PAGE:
Let India be the first country to have a yoga and an Ayurveda department in every hospital in addition to the western medicine.

The time is to promote traditional Yoga and Ayurveda. Unfortunately as they are not getting an uplifment they are ending up in cross pathy which is not on the interest of both their profession as well as the community.

Recently a review of studies examining the benefits of yoga suggests that Yoga practice provides significant benefits on cardiovascular risk factors, including LDL cholesterol and systolic blood pressure.

Those who practiced asana-based yoga reduced their LDL-cholesterol levels by 12.1 mg/dL and systolic blood pressure by 5.2 mm Hg and increased their HDL-cholesterol levels by 3.2 mg/dL. 

In addition, the yoga practitioners also saw significant reductions in body-mass index, diastolic blood pressure, total cholesterol, triglycerides, and heart rate. Overall, the yogis lost 2.35 kg compared with non exercisers.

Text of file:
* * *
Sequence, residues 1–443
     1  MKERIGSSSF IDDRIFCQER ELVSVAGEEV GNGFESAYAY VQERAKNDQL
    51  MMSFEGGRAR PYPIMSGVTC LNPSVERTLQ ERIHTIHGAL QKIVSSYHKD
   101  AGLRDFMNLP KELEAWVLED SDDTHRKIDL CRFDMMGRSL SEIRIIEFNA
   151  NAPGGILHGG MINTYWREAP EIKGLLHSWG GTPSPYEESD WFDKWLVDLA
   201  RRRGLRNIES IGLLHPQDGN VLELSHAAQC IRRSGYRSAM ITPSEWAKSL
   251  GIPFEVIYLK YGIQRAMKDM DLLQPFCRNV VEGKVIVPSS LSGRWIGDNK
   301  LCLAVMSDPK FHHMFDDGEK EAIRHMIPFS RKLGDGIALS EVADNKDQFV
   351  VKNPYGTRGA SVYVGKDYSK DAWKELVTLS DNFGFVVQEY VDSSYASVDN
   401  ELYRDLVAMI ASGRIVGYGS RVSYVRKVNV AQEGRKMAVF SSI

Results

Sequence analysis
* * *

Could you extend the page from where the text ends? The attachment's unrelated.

Individuals who cannot or prefer not to perform traditional aerobic exercise might still achieve similar benefits in cardiovascular-disease risk reduction by Yoga.
The review, which is published December 15, 2014 in the European Journal of Preventive Cardiology, included 32 randomized, controlled trials involving 2768 participants.

[The author Dr K K Aggarwal is Senior National Vice President Indian Medical Association and President Heart Care Foundation of India]

Kidney patients more at risk for future heart attacks

By Dr K K Aggarwal
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Chronic kidney disease patients with kidney function less than 60% have now been added in the list of criteria for defining people at highest risk for future heart attacks.

In a large cohort Canadian study published in The Lancet led by Dr Marcello Tonelli at University of Alberta, patients with only chronic kidney disease had a significantly higher rate of heart attacks than those who only had diabetes. Those who had already had a heart attack had the highest overall rate of heart attacks.